The Royal Navy in the Twenty-First Century: does it Have a Role Beyond the Defence of British Seas?

By Eric J. Grove, published February 2011


Since the 1960s the Royal Navy has struggled to maintain its global capacity in the face of pressures for economies. The focus of this pressure has been the carrier fleet and the assets needed to allow it to operate effectively. John Nott’s often misunderstood review maintained a maritime expeditionary capability. Cuts prompted the Argentine invasion of the Falklands, requiring a long range response from the Royal Navy. Even the end of the Cold War did not end a global strategy. Only direct intervention by Ian King of BAE, however, prevented disaster by saving the two vessel carrier building programme from the coalition government’s review. That programme has, however, left a serious gap in Britain’s capacity to protect the British seas.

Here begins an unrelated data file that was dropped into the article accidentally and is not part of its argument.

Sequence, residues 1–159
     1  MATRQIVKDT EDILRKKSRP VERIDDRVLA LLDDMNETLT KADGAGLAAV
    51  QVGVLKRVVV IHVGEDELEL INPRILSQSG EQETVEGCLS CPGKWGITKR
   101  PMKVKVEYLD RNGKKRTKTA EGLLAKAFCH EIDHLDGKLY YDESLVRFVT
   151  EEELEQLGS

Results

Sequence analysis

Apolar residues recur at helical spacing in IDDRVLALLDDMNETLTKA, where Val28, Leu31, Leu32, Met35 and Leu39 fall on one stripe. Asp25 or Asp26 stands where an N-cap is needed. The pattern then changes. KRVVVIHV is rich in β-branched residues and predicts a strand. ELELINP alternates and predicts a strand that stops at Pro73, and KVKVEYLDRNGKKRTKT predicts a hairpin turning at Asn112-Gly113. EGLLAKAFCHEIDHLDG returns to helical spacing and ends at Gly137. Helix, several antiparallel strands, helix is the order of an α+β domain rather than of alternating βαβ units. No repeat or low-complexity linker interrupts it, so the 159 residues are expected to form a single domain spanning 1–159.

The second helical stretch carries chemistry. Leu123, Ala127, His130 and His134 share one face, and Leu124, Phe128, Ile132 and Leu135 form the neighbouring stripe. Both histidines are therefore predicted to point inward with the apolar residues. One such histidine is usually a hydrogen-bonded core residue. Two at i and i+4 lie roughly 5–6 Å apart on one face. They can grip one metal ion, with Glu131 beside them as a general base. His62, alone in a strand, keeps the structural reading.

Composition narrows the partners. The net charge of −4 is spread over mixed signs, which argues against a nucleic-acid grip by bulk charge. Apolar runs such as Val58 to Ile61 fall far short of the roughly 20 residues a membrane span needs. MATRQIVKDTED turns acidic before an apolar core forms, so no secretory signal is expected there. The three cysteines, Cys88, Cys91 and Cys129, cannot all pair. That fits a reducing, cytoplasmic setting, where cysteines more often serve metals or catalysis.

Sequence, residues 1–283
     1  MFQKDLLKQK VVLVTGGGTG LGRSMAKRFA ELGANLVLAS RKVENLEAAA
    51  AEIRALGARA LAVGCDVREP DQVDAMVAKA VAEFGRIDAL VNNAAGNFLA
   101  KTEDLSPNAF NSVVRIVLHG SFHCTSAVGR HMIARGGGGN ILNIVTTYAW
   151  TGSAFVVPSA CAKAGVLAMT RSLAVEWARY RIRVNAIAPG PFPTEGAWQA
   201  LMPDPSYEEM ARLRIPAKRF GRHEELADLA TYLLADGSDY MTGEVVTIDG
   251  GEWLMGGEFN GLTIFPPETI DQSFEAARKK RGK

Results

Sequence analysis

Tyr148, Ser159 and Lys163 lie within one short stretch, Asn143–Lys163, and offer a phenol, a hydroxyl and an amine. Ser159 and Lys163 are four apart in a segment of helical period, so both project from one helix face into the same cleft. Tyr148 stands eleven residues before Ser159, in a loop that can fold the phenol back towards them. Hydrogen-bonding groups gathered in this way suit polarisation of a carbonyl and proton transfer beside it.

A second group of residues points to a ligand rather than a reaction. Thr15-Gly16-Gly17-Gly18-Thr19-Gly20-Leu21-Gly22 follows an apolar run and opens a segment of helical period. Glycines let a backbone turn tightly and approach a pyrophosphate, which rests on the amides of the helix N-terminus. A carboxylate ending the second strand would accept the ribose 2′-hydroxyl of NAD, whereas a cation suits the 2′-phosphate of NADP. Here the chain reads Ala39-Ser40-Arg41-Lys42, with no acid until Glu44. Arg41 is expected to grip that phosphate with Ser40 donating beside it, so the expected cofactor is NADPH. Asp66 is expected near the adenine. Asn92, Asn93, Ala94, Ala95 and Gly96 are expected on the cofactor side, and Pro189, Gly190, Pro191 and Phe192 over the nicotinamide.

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Filed under: Other (Twentieth C) | Other (location)
Subjects include: Navies | Strategy & Diplomacy

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